On inauguration eve, the bar is set at a record low

January 12, 2009
I was sitting in my basement a few days ago, reading online news and commentary, lifting weights, skimming books, channel surfing and otherwise contemplating column ideas.

That's when the e-mail arrived from my friend Erik. It said, "I just wanted to let you know that I have been laid off ... . So I am in the process of reaching out to my network to see if I can get any help in finding a position ... . I have a couple of possible leads, and even had an interview last Friday. However, as I learned in years of selling, 'It ain't a sale until I got a check in my hand.'"

What Erik's message didn't say is that, at age 41, he's sole breadwinner for a family with three kids. That he and his wife home-school their children. That they just moved to a pricier community so there'd be more after-school activities.

Then, compassionate soul that he is, Erik invited me to do guy stuff during my wife's upcoming business trip so I wouldn't get depressed.

I looked up the word "depression."

According to Dictionary.com, it means: "sadness; gloom; dejection."

It also means "a period during which business, employment and stock-market values decline severely or remain at a very low level of activity."

If you suffer from the former, you may take two Prozac and call me in the morning.

If the entire nation (or the whole planet, for that matter) suffers from the latter, it means multiple bailouts, numerous interest-rate cuts, decimated retirement plans, a rash of foreclosures, extended and re-extended unemployment benefits, year after year of trillion-dollar federal deficits, bare-to-the-bone state budgets, and we, our kids and our grandkids still bound for you-know-what creek without a paddle.

Back in July, John McCain's economic adviser (former Texas Sen. Phil Gramm, now vice chairman of the Swiss-based bank UBS) told The Washington Times that we were merely experiencing a "mental recession."

"You've heard of mental depression; this is a mental recession," he said. "We have sort of become a nation of whiners."

(Tell that to Erik and his family.)

Instead of Wall Street greed, loony-tune lending practices and multibillion-dollar Ponzi schemes, he blamed the media.

"Misery sells newspapers," Gramm said. "Thank God the economy is not as bad as you read in the newspaper every day."

Well, Senator, six months later, you can't read much about economic misery—or any other kind of misery—in the daily newspaper because the darn thing smacks of some shriveled old man desperately seeking Cialis.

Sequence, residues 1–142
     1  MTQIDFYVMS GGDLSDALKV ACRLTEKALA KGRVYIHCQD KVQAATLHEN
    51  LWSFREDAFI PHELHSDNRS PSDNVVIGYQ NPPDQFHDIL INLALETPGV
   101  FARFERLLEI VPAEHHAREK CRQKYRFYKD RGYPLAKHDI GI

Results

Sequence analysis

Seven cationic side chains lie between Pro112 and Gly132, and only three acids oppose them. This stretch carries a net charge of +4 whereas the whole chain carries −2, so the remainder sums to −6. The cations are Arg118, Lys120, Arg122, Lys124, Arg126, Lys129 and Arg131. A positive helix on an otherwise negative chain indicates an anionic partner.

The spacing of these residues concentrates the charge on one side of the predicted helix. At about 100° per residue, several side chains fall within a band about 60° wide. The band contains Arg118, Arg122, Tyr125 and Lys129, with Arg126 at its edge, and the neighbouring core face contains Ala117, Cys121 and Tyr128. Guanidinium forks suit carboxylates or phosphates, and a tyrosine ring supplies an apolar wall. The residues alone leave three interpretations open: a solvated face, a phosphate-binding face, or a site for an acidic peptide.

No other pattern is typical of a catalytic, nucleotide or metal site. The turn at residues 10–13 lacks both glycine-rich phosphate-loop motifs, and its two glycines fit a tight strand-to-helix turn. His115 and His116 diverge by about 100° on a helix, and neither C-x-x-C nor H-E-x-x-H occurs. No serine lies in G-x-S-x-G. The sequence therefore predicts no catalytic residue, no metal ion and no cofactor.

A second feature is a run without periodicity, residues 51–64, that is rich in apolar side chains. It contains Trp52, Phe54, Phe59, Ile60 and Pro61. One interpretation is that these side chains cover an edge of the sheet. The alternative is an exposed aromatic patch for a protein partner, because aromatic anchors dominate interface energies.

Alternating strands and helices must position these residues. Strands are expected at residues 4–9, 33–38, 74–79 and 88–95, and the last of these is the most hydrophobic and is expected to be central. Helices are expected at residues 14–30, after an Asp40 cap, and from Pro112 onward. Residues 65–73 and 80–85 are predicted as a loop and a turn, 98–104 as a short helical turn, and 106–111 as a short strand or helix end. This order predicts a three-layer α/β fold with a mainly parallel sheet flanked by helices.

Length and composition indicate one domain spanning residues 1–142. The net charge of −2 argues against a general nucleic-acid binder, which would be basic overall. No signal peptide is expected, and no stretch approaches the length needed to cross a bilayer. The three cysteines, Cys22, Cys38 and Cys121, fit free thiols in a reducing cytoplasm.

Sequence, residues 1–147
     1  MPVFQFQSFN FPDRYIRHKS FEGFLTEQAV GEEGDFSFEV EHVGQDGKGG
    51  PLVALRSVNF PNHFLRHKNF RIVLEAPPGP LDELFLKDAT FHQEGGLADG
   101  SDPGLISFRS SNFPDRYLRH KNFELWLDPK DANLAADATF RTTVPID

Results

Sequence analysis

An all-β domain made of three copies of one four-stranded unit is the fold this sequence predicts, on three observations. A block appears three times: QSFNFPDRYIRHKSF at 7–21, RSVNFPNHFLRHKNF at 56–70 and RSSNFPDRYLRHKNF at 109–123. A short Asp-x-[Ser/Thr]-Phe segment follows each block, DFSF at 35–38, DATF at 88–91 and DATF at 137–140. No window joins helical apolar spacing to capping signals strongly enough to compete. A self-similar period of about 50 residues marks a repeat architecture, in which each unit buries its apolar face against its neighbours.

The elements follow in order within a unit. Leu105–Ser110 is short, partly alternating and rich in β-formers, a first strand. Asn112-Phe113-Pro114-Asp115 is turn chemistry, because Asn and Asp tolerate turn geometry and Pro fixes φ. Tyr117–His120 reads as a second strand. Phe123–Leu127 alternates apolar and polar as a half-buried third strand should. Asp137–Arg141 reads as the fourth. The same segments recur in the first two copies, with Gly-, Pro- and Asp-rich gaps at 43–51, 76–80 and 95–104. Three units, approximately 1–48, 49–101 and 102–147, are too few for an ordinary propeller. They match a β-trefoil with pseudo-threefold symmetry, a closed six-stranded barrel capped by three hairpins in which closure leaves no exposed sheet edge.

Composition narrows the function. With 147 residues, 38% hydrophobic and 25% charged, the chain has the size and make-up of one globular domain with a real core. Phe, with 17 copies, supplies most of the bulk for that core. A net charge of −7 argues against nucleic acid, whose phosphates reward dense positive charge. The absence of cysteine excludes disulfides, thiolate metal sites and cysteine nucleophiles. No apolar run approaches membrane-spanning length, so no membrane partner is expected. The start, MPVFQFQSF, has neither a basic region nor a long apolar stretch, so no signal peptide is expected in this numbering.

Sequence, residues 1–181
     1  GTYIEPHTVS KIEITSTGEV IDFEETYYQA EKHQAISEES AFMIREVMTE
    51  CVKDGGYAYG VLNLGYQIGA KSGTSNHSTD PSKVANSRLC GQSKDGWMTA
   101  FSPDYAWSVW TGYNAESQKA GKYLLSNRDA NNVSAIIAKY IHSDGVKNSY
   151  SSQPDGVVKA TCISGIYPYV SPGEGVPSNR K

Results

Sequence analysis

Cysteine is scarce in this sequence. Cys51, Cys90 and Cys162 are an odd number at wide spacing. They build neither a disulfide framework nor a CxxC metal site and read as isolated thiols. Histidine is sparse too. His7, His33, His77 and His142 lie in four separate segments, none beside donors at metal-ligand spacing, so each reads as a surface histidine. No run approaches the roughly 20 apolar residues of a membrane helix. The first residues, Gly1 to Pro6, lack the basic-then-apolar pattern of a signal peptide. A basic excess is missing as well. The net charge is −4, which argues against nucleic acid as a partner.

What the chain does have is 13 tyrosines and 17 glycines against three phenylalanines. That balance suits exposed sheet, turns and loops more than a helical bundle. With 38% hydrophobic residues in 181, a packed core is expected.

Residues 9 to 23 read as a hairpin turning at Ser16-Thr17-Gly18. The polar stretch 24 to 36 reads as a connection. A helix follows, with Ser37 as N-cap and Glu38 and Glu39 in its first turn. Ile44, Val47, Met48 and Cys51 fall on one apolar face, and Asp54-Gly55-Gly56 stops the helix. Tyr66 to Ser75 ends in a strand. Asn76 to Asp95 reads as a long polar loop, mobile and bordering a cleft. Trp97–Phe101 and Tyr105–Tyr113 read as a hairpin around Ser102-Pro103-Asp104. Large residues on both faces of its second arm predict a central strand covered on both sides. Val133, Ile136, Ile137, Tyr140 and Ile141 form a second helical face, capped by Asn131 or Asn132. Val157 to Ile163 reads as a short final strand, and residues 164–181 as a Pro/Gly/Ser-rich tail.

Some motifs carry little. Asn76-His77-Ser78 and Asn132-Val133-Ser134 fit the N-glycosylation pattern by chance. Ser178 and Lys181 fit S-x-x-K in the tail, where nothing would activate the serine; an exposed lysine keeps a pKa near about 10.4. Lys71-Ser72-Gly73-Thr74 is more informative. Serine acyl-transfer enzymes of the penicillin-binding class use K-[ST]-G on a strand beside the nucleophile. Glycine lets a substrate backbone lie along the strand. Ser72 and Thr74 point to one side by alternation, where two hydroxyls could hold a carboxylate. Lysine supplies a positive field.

In what's left of The New York Times last week, there was a graphic representation of a cancer cell. Scientists described it as a depiction of chaos—a normally orderly cell gone bonkers.

The chaotic cancer cell symbolizes perfectly the nation and world Barack Obama will inherit Jan. 20: American automakers on the brink of collapse. Their vaunted Japanese competitors curtailing production. Factory orders suffering the biggest setback in eight years. Skyrocketing unemployment. Millions relegated to emergency rooms for their health care. Billions lost to a scoundrel's shell game. Hamas firing shells into Israel. Israel deploying troops into the West Bank. Banks unwilling or unable to lend. Businesses and governments unable to borrow. Layoffs. Business closings. Wage freezes. Depleted trusts. Struggling charities. Ad nauseum.

But, hey, demoralizing as all this sounds, maybe Phil Gramm isn't a total whack job. Yogi Berra, after all, once said, "Baseball is 90 percent mental and the other half is physical."

In that spirit, maybe depressions, or recessions or whatever you call this malignant economic chaos are 90 percent mental and the other half fiscal.

This poses a conundrum for Obama when he steps to the podium and is sworn in as the 44th president of the United States and presumed leader of the free world:

As economic commander-in-chief and instant candidate for re-election, he must paint the fiscal glass 90-percent empty so he can justify dramatic investments, pray they'll work, and eventually take credit.

But as cheerleader-in-chief, he must paint the glass 90-percent full; convince us that we can, collectively, turn things around; and instill the mental confidence required to get us borrowing, buying and otherwise sparking a recovery.

Good luck with that.

In my reading last week, I learned something new about myself and our new president. I learned that we're "cuspers," people born at the intersection of two generations—in our case, between baby boomers and Gen Xers. And according to this article, (to quote John F. Kennedy), "The torch has been passed to a new generation of Americans," the cuspers.

As a cusper kid, I was taught that you should leave a room, or a campsite or a job in better shape than you found it.

Given the state of our inherited union from the last of the baby boomers, that shouldn't be too difficult.


Hetrick is chairman and CEO of Hetrick Communications Inc., an Indianapolis-based public relations and marketing communications firm. His column appears twice a month. He can be reached at bhetrick@ibj.com.
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